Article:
First description of the environmental niche of the epibenthic dinoflagellate species Coolia palmyrensis, C. malayensis, and C. tropicalis (Dinophyceae) from Eastern Australia.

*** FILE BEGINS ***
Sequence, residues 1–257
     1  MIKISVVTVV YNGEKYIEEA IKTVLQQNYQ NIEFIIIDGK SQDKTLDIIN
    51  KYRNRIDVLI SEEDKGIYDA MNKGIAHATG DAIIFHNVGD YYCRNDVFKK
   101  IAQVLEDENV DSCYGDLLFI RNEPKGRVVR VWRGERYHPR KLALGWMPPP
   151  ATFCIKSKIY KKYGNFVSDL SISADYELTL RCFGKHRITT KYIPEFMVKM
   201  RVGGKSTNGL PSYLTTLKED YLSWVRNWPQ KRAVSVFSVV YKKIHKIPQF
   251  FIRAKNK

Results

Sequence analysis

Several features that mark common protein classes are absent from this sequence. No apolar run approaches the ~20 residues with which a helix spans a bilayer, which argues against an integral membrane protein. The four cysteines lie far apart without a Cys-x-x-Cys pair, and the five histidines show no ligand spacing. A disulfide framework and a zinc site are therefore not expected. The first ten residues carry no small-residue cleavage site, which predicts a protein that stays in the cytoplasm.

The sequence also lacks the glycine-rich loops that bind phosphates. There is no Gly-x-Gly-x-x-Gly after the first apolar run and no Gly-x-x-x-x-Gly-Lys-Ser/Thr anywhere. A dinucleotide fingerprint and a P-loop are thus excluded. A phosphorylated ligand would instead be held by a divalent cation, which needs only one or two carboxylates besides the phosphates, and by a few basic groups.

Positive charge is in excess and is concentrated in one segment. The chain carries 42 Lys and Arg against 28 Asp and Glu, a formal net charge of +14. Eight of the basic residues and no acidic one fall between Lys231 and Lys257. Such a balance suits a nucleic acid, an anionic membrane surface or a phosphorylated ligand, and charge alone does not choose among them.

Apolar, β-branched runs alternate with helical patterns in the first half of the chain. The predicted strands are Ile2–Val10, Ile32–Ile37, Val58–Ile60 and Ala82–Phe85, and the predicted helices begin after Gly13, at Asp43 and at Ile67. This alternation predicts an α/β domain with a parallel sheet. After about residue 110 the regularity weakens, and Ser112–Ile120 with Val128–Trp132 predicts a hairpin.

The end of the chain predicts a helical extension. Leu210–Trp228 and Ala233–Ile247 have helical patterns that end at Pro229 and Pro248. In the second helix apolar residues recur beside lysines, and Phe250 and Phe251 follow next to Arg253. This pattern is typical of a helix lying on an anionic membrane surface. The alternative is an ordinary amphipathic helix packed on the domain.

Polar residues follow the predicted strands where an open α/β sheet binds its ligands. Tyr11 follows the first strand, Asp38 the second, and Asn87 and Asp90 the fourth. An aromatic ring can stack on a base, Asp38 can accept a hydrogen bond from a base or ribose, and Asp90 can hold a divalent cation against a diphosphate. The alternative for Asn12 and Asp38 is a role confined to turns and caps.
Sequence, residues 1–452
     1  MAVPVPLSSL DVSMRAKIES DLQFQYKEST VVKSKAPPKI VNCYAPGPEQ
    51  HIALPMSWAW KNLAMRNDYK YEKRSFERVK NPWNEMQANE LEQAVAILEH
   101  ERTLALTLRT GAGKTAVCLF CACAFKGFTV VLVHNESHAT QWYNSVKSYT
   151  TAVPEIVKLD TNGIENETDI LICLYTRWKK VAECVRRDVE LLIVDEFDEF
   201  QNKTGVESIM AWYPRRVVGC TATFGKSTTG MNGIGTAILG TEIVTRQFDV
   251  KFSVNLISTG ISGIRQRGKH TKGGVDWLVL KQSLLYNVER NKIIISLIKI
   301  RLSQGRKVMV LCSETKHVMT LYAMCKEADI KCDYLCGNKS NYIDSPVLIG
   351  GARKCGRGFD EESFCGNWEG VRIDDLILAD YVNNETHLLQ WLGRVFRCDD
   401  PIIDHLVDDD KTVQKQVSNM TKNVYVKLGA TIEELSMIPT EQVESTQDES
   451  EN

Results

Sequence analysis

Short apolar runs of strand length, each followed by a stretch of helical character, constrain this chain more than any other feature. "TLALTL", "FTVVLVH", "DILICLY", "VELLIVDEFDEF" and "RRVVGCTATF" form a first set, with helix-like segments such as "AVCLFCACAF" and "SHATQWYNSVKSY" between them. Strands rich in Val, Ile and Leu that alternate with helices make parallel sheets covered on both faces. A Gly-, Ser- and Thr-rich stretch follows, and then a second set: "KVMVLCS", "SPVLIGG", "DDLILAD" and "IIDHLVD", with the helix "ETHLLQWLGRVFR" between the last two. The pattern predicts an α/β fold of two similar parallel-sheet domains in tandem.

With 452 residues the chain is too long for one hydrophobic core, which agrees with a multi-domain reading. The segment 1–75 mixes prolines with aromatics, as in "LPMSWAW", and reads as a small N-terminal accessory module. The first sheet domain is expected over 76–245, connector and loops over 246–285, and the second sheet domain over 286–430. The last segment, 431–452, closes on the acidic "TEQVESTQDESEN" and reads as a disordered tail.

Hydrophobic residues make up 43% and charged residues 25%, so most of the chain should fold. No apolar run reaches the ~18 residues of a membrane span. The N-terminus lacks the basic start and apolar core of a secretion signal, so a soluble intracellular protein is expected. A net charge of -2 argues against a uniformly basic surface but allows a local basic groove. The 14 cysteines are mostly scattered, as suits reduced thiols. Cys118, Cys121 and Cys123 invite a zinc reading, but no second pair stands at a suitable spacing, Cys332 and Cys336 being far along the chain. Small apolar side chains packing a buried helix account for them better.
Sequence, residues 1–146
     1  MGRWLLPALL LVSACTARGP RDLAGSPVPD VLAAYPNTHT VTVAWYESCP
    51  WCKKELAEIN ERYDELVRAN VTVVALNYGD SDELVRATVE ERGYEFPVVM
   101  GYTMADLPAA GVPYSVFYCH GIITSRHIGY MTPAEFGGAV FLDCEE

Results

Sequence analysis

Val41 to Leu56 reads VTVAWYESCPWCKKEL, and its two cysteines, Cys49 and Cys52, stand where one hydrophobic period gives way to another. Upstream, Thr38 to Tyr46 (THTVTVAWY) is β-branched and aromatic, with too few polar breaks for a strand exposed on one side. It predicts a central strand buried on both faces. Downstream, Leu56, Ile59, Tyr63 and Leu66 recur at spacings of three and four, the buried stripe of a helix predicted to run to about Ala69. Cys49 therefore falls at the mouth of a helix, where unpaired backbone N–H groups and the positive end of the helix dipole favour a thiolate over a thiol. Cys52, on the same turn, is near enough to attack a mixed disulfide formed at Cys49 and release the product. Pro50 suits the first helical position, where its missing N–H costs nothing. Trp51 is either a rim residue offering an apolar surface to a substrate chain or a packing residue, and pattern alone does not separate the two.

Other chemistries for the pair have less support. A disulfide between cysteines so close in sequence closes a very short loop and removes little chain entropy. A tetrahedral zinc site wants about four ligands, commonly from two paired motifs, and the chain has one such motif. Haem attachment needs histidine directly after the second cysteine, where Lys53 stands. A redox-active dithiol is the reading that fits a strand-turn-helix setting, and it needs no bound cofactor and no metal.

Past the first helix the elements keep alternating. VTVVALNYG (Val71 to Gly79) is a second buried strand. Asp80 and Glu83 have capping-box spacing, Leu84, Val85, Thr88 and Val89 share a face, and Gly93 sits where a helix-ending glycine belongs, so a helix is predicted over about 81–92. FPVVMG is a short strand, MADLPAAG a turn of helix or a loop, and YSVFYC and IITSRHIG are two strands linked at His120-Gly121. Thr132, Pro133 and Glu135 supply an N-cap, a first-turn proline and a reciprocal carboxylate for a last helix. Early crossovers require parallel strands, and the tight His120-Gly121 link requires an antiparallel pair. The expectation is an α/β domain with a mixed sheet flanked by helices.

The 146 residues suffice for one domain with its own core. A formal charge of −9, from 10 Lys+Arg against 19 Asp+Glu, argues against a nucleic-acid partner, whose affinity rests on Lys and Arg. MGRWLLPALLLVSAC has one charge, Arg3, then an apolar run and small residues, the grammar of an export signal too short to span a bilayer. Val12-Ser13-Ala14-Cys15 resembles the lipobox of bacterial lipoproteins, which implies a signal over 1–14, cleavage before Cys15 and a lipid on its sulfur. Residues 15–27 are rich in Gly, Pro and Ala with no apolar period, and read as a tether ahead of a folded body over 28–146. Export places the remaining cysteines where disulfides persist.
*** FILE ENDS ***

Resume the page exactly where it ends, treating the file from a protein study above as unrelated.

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Environmental variables such as temperature, salinity, and irradiance are significant drivers of microalgal growth and distribution. Therefore, understanding how these variables influence fitness of potentially toxic microalgal species is particularly important. In this study, strains of the potentially harmful epibenthic dinoflagellate species Coolia palmyrensis, C. malayensis, and C. tropicalis were isolated from coastal shallow water habitats on the east coast of Australia and identified using the D1-D3 region of the large subunit (LSU) ribosomal DNA (rDNA). To determine the environmental niche of each taxon, growth was measured across a gradient of temperature (15-30°C), salinity (20-38), and irradiance (10-200 μmol photons · m-2 · s-1 ). Specific growth rates of Coolia tropicalis were highest under warm temperatures (27°C), low salinities (ca. 23), and intermediate irradiance levels (150 μmol photons · m-2 · s-1 ), while C. malayensis showed the highest growth at moderate temperatures (24°C) and irradiance levels (150 μmol photons · m-2 · s-1 ) and growth rates were consistent across the range of salinity levels tested (20-38). Coolia palmyrensis had the highest growth rate of all species tested and favored moderate temperatures (24°C), oceanic salinity (35), and high irradiance (>200 μmol photons · m-2 · s-1 ). This is the first study to characterize the environmental niche of species from the benthic harmful algal bloom genus Coolia and provides important information to help define species distributions and inform risk management.
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